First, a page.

This Christmas the Herald is again featuring charities that have been selected for a $10,000 donation from Auckland Airport. The $120,000 to be distributed came from change given by travellers at the airport this year.

For those who have been lost, alone and hurt or in a life-threatening situation, seeing help in the form of a search and rescue team is literally a life-saver.

For this reason, Auckland Search and Rescue has been chosen by Auckland Airport as one of 12 charities to be given $10,000 this Christmas.

The non-profit organisation is the first to be profiled as part of a Herald series.


Made up of about 20 trained volunteer firefighters, the Auckland Search and Rescue team was formed after the Christchurch earthquake in February.

Executive officer and team leader Adam Knezovic said that during that time, members of what is now the group travelled to the city to provide immediate emergency help.

He said the men were struck forcibly by what they saw.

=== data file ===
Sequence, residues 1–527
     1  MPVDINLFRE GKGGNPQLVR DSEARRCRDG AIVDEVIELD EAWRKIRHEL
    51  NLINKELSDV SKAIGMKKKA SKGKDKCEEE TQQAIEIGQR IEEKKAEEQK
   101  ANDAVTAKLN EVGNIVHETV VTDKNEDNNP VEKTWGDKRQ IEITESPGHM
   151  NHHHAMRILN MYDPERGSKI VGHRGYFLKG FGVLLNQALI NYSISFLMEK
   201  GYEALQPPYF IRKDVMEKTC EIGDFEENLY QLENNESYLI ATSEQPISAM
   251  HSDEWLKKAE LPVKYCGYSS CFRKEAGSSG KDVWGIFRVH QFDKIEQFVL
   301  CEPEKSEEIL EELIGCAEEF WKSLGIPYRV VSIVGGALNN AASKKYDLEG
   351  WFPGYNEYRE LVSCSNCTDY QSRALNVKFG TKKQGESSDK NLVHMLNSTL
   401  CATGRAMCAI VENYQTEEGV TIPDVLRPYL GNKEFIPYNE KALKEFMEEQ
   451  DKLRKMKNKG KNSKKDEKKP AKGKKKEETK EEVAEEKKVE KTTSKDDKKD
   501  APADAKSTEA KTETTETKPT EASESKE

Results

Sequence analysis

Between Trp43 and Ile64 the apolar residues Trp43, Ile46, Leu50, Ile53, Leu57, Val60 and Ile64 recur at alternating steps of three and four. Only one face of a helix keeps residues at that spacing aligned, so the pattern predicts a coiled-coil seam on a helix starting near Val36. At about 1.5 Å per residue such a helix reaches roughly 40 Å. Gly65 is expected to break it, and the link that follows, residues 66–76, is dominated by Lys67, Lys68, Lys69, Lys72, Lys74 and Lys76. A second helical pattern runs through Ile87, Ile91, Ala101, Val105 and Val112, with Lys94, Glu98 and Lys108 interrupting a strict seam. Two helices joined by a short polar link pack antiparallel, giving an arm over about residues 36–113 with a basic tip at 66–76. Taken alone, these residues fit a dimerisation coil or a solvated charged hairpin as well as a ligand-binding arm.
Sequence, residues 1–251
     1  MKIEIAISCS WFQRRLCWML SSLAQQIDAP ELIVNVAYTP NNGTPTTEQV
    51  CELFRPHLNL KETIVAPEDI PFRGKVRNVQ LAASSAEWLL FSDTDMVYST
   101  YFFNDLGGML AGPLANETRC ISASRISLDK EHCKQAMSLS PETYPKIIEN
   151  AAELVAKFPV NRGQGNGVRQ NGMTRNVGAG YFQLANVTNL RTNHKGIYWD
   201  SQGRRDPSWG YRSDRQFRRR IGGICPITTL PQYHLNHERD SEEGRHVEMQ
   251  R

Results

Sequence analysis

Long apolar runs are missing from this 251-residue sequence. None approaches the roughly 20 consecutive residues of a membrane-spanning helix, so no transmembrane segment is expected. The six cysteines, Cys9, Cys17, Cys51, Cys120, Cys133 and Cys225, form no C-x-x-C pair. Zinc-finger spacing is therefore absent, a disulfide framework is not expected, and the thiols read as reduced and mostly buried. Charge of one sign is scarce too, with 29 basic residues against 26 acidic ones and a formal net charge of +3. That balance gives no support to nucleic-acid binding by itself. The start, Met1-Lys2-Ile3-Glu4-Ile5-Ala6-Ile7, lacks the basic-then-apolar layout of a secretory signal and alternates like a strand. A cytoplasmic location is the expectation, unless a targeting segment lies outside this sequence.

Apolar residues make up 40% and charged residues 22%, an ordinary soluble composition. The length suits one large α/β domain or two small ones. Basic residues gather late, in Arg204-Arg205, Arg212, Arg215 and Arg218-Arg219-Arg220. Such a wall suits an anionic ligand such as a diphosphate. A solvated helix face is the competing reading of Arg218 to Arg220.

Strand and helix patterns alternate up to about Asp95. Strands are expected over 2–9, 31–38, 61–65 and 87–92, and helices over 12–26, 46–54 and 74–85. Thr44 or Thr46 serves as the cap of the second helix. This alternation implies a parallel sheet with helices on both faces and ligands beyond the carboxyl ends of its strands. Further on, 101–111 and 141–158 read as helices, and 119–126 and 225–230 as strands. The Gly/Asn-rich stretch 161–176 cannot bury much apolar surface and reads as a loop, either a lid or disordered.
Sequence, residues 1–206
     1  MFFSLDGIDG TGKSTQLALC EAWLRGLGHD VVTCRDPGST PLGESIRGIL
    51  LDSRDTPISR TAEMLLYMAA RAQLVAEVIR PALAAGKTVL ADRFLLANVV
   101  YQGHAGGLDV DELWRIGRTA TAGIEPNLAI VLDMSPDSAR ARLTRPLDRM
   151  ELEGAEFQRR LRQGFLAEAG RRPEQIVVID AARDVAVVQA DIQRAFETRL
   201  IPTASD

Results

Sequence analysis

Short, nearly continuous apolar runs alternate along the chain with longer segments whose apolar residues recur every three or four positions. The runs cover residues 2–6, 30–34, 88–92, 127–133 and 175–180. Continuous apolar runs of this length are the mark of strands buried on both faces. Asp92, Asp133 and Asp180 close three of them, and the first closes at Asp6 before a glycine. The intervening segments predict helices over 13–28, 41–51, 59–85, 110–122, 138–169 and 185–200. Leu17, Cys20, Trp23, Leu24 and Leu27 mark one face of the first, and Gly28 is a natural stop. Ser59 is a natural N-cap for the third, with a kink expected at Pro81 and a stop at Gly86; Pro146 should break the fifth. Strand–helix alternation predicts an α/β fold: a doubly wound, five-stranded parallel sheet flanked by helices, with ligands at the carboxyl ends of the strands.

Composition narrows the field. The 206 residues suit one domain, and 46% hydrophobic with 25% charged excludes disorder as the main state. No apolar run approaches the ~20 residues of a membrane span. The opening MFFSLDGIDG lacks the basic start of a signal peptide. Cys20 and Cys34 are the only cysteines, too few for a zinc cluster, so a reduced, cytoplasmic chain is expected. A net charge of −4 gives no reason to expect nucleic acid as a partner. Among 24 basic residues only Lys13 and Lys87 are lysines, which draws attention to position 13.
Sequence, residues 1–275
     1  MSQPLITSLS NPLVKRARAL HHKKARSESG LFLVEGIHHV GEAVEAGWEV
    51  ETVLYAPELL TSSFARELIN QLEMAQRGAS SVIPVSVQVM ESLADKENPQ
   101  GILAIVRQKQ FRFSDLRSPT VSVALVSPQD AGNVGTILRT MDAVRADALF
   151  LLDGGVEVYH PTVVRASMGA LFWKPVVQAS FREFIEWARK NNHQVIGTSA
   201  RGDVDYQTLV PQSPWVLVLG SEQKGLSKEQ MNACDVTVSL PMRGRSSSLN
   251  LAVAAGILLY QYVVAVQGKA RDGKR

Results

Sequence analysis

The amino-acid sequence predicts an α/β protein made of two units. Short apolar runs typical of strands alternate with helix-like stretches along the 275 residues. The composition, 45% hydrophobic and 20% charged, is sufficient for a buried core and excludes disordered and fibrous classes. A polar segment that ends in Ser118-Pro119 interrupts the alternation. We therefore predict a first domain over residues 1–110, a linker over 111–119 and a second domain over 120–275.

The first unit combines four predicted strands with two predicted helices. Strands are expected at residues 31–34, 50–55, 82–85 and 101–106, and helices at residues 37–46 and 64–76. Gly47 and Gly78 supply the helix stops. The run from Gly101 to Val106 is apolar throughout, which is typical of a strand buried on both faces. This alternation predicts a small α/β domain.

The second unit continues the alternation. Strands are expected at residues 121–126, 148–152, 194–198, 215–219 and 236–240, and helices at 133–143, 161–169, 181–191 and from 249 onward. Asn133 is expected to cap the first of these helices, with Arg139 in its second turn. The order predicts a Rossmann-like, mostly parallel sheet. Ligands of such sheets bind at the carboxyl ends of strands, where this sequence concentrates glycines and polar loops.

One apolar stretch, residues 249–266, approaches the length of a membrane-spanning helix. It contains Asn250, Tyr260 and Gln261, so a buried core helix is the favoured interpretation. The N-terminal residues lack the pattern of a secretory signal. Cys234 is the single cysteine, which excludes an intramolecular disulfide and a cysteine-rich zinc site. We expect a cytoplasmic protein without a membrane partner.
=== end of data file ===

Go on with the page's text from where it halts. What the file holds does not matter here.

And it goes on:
"There were no birds chirping ... there were buildings that you knew there were dead people in.

"It does something to your mind and you see those buildings and think, 'it is totally unfortunate that there are dead people there, but there are people that need rescuing. We have to get to them quickly'."

The volunteers, based in Shelly Beach, north of Auckland, saw the need for such an emergency and disaster relief group in their city and decided to form the charity.

Their $10,000 will go towards buying a patient rescue and retrieval kit, which is used when a patient is found, for example, in a collapsed building, under or cliff, and needs to be lowered to the ground by stretcher.

The money will also go towards buying a stokes basket and rescue lines; as well as personal safety equipment and protective gear.

Mr Knezovic said: "We do it because we just want to help people. We want to help save lives and that's why I think we are worthy of this grant."

Auckland Airport general manager corporate affairs Charles Spillane said the organisation had received hundreds of applications from charities around the country.

Mr Spillane said although it was difficult to choose just a dozen charities, those including Auckland Search and Rescue stood out.

"We feel very privileged to be able to help 12 organisations that dedicate their time to helping others."

Mr Knezovic thanked Auckland Airport for coming up with a scheme where ordinary people - travellers - were ultimately giving back to the community.

"I think it's wonderful what they've done ... they're obviously looking at community organisations that are helping people.

"It really is a show of the true Christmas spirit."